3 cybersecurity trends and their impact on transport & logistics

Gert de Jong & Bart Atema
apr 18, 2023 · 7 min lezen Engels
Harbour transport and logistics

A cyberattack on the transport and logistics (T&L) sector can have immediate, sometimes irreversible impact. When the business operates in a supply chain, a security breach can do more than damage the company’s digital world. It can wreak havoc on the physical world assets that deliver essential services to fellow suppliers, customers, and society at large. As too many recent examples have shown, the damage is often enormous.

To stand up against the cyberthreats, T&L organizations must adopt a mission-critical mindset. This begins with an awareness of three trends that have tremendous consequences for cybersecurity today.

  • Cybercrime is booming.
  • Digital innovation leads to data hunger.
  • There’s increased pressure to be secure.

Leveraging the supply chain

Cybercrime is booming. The hackers behind them have evolved into professional criminals with mature business models. Now they belong to transnational cybercrime syndicates comprising access brokers, finance experts, negotiators, and operators as well as help desks who coordinate Bitcoin transfers and HR departments who recruit employees on the dark web. Ransomware, in particular, has risen dramatically, at a 41% growth rate as reported by IBM’s Cost of a Data Breach Report 2022.

Cyberattacks can be especially devastating to the T&L sector in terms of lost time and money. As we saw when Maersk got infected with malware NotPetya in 2017, it took 10 days to reinstall the company's entire infrastructure. And that was only thanks to “a heroic effort,” said Maersk's chairman, noting that resolving such a scenario would normally take six months and adding that the recovery cost between $250 and 300 million. Further, as the 2021 ransomware hit on Bakker Logistics showed, such attacks can leverage more than a single company. Although this incident targeted a logistics provider, it is often called “the cheese hack” because the company’s downed system and consequently grounded trucks led to a shortage of cheese in Netherlands’ largest super market chain.

Feeding data hunger

Nearly every business has become a digital business. While computers may have once set traditional organizations apart from more conservative-to-change counterparts, data is now universally needed to make even marginal differences on the market. This data hunger has prompted a further integration of operational technology (OT) with information technology (IT), as it provides an automated way to extract data from operational equipment.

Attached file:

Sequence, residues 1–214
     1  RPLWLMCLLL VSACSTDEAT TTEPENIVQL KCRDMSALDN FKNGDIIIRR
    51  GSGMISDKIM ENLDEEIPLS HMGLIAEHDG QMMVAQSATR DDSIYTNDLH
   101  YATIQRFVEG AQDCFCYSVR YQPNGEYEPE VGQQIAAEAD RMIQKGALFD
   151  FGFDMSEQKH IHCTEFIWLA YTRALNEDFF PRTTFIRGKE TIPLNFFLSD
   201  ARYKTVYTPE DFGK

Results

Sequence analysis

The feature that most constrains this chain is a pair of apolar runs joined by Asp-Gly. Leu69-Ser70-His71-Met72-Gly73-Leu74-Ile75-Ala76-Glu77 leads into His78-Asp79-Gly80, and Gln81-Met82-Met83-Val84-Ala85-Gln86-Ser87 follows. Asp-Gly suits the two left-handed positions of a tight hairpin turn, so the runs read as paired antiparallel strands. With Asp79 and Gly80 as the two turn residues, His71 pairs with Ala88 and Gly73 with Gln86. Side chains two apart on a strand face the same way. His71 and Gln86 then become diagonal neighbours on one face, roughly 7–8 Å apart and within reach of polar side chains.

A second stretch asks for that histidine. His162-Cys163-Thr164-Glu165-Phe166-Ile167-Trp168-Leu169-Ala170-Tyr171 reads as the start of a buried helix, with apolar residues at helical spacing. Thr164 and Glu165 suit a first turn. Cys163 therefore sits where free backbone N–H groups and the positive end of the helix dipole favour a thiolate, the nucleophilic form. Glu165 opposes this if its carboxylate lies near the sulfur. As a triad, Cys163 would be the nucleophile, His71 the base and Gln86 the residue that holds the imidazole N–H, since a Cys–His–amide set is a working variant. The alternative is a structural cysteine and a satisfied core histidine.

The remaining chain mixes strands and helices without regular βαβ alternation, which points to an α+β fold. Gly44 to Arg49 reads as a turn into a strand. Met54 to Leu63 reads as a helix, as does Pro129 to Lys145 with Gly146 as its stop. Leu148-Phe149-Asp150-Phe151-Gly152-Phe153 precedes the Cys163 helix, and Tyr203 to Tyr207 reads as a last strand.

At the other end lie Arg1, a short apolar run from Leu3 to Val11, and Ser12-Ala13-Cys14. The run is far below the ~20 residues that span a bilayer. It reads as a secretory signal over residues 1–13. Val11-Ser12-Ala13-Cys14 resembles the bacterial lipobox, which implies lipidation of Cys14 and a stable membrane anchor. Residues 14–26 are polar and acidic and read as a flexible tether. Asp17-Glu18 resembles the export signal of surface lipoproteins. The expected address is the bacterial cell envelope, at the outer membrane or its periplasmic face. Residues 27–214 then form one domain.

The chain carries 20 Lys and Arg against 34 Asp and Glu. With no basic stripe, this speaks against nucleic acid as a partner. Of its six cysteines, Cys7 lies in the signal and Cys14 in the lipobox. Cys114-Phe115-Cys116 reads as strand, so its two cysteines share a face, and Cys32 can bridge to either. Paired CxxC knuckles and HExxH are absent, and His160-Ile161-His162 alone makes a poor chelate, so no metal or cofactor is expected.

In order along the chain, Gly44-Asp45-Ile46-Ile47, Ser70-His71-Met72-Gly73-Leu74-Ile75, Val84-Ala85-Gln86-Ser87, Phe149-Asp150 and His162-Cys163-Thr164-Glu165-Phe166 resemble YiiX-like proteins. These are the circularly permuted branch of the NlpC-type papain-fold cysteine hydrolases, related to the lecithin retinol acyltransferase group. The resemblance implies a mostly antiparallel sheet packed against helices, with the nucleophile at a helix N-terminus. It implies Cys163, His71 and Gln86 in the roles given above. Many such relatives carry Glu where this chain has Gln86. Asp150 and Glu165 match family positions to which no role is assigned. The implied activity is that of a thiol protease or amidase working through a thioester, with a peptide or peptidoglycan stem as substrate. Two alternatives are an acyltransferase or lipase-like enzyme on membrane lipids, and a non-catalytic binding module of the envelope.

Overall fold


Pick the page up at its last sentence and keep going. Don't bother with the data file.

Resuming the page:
The more integrated these two worlds are, however, the more risk it incurs. Cyberattacks once indigenous to the IT world can now take root in the OT world. By nature, T&L organizations also have a higher dependency on OT since their duty is to move people and goods within their own premises or between points A and B. This escalates the risk. Further, these organizations tend to have a lot of assets, which results in more exposure, particularly as experienced equipment rarely meets modern security standards.

Regulatory compliance and chain conformity

Organizations are being increasingly pressured to adopt cybersecurity measures. New EU-wide regulations, such as the Network and Information Security Directive (NIS2), will have recategorized which organizations are subject to existing cybersecurity laws or are required to implement more stringent measures and enforcement. The T&L sector will feel more pressure as newly scoped sectors seek to ensure all their supply chain partners meet security and compliance standards. Meanwhile, customers of organizations affected by these regulations are becoming smarter about the risk – or reward – of working with them.

Regardless of regulations, companies understand that having secure logistics partners is key to their own organization. Even smaller, private companies and those whose remits are not formally scoped by regulations are upping their own security and expecting their suppliers to conform to the standards. Logistics partners that take care of security will thus get a competitive edge. In fact, for most businesses nowadays, working with T&L organizations is inevitable, so those with well-implemented cybersecurity measures are likely to become more attractive suppliers.

To secure T&L, prioritize the mission-critical

Regardless of how sophisticated hackers grow, how complex OT and IT become, or how tight legislation gets, T&L organizations must strategize how to protect their business. They would do well to create a roadmap guiding compliance with the new legislations, have supply chain partners clarify security requirements, and refine partnerships accordingly.

On top of building a secure baseline, they should prioritize securing what is in fact mission-critical. From there, solutions could entail separating the crown jewel applications out from the wider landscape – the chance of a hacker infiltrating via employee phishing is higher than via a small self-contained mission-critical environment, for example. In another scenario, a solution might apply an IoT edge kit to satisfy data hunger, fed from the cloud but without introducing a security risk since the kit would not be internet-exposed. Or for yet another case, rather than change an OT asset itself, a solution could be to secure the asset by altering only its infrastructure or, alternatively, by building a safe ring around the OT network. The possibilities are many and, much like the T&L sector, hold the potential of a transformational journey.

Gertde Jong

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